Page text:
“I’ll see you in May! For sweeps! That what’s we call spring cleaning in England!” — Wesley Snipes character, on 30 Rock
As television watchers, we have all heard of the magical time known as “sweeps” — but what exactly is/are sweeps, and why is it such a hot word for folks in the entertainment industry?
As it turns out, “sweeps” refer to four periods of the year — in November, February, May, and July — in which media monitoring company Nielsen collects detailed information about the television-watching habits and demographics of approximately 2 million volunteer households using a combination of electronic meters and “people meters,” or weekly paper diaries.
Television shows that with relatively high ratings across key demographics during these monthly “sweeps” of viewer data are better positioned for renewal, or movement to more desirable time slots. By contrast, shows with relatively poor ratings, or decreased ratings performance, are more likely to be considered for cancellation. A quick glance of the list of TV shows already cancelled this year makes vivid the competitive nature of the market for television entertainment, in a large part due to sweeps analysis.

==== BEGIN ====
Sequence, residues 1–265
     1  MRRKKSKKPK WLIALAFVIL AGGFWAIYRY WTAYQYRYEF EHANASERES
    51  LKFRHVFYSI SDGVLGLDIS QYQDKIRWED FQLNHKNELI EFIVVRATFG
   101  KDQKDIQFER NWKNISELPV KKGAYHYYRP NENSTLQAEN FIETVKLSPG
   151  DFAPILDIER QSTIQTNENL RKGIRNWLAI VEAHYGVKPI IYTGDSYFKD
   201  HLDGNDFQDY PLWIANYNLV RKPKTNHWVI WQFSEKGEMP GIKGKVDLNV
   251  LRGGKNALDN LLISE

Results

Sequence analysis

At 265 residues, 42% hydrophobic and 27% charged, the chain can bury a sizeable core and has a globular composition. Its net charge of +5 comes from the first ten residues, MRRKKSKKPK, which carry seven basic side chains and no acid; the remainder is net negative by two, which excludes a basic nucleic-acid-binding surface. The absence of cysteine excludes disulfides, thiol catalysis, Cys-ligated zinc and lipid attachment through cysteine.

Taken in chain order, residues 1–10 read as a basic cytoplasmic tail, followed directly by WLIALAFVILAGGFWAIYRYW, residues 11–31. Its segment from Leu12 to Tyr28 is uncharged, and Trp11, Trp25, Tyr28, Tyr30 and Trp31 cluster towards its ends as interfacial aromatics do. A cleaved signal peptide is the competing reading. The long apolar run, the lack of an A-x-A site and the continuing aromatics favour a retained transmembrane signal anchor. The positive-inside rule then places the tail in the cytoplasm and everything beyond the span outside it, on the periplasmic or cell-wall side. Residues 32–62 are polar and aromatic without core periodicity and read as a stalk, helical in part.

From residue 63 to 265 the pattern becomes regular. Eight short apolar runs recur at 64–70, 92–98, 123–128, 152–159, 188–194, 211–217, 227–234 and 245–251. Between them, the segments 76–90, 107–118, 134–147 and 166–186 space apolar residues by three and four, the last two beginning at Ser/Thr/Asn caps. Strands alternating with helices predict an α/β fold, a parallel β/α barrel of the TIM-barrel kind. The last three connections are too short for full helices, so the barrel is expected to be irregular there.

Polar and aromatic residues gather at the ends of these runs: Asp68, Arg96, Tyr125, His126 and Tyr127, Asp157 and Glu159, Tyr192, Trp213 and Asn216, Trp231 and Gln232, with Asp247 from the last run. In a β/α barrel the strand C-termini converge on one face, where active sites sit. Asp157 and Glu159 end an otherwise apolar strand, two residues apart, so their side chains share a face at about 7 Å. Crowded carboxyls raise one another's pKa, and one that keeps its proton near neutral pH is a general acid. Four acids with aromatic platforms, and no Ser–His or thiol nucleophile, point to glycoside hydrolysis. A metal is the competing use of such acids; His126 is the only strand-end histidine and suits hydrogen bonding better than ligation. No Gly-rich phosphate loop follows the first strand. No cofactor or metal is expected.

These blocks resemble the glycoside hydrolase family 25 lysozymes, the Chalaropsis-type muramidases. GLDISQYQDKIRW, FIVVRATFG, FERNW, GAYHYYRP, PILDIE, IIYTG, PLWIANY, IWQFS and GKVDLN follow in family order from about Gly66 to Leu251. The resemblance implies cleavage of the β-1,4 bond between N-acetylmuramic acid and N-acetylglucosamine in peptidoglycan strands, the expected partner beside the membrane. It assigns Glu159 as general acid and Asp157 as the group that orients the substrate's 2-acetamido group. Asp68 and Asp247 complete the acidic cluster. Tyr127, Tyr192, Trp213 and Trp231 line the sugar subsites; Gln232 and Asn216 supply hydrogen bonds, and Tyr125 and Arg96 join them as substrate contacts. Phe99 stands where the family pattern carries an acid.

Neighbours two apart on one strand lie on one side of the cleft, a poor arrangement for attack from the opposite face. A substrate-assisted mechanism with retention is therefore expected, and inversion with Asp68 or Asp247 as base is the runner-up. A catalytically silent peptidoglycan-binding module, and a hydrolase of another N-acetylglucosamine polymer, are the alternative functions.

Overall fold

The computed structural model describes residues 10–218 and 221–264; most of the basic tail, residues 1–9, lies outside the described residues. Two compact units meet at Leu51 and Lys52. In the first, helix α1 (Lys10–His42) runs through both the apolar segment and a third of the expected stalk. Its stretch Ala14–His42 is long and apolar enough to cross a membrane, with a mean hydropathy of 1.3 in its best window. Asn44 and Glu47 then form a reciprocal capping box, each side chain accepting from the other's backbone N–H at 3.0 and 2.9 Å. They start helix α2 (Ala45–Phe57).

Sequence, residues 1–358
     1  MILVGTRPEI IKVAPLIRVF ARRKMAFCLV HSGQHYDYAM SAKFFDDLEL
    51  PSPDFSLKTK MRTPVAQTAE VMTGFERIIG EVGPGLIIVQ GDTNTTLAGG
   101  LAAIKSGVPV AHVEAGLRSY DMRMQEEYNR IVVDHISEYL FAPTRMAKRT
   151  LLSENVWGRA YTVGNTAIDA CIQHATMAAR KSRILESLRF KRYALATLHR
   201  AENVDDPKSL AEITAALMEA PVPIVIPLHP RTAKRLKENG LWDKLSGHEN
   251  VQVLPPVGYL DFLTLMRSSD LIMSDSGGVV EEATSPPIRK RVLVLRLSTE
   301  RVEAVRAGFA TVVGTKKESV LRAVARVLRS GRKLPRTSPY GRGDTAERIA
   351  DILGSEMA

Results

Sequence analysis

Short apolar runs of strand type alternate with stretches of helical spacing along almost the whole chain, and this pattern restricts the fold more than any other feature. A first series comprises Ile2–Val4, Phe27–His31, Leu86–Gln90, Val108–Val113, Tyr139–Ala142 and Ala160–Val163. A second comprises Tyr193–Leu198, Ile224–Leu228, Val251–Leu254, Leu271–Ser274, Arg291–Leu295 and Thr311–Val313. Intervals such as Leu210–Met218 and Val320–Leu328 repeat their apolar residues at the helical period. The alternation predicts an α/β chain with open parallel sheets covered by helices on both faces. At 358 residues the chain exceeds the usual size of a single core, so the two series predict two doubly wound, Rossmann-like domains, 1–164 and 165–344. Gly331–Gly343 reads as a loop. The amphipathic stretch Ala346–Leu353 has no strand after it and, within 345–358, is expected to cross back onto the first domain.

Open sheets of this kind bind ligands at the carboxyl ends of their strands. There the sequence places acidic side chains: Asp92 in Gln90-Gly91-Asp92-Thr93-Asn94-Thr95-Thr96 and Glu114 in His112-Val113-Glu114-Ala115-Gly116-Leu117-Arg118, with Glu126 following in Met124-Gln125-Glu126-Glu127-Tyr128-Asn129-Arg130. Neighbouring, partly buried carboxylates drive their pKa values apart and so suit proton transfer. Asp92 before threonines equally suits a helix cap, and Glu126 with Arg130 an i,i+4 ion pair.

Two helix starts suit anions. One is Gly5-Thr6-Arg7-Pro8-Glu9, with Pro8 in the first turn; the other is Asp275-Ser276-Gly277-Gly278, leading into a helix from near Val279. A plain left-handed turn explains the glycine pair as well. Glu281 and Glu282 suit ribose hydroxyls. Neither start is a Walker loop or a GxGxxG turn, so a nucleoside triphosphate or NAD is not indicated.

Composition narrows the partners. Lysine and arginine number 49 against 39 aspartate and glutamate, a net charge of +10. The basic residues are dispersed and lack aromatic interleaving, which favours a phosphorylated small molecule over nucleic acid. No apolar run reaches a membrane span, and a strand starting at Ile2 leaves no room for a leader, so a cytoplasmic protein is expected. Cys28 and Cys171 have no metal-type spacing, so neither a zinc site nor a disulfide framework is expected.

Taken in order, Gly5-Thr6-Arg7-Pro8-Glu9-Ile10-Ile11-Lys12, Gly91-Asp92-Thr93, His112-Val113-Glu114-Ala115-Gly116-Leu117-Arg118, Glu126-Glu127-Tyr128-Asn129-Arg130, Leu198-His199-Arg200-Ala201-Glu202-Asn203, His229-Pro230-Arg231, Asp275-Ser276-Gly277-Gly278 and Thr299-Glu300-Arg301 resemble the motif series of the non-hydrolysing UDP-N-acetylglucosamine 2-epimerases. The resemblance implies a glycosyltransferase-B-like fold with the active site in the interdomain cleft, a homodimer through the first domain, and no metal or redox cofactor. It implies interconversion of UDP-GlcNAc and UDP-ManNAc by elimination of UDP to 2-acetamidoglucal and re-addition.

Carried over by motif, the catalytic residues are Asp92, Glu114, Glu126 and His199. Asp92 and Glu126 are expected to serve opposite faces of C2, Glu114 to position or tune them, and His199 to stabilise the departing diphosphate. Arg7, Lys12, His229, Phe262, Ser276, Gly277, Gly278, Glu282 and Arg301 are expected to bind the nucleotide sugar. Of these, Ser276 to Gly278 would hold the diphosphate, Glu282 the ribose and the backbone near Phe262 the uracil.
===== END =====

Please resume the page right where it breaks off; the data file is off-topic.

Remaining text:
Not surprisingly, for this reason, many shows choose strategically to air episodes with unusually dramatic, sexual, or climactic material during Nielsen sweeps months. One need look no further than the Urban Dictionary definition of “sweeps” to see how this tendency has condensed in the popular imagination.
“But wait!” some of you may be saying — “Is a monthly assessment of the habits of a limited number of viewer households really the best way of determining a show’s success in the digital day and age?” If so, you’re not alone.
Recently, the “sweeps” system has been criticized by many TV fans and industry members for not keeping up with contemporary trends in program consumption and digital entertainment, such as online viewership and watching habits outside the home.
Nevertheless, sweeps continues to be an important and carefully watched term by both television executives and entertainment geeks — one not likely to be swept away anytime soon!
Here’s wishing you all a happy and entertaining July sweeps.